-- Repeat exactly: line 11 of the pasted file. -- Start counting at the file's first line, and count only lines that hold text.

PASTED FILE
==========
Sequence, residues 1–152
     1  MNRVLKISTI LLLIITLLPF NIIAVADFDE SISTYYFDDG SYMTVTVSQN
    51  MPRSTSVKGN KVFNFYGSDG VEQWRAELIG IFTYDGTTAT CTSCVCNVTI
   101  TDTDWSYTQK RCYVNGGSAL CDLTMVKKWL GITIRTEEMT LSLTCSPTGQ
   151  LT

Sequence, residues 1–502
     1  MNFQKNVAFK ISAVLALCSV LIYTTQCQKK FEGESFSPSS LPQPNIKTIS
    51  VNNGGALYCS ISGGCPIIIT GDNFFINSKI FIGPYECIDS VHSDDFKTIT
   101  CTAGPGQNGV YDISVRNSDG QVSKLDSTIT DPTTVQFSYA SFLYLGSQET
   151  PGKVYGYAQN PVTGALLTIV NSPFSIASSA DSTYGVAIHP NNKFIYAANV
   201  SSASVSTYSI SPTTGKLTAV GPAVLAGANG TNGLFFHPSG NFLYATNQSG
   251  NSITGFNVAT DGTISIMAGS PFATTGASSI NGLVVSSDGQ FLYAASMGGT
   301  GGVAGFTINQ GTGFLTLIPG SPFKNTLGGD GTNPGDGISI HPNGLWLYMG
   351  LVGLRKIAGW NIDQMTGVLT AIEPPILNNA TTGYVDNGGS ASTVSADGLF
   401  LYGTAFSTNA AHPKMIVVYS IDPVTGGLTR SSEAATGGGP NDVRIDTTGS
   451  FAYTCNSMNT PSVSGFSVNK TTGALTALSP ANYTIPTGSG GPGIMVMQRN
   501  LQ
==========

   201  SSASVSTYSI SPTTGKLTAV GPAVLAGANG TNGLFFHPSG NFLYATNQSG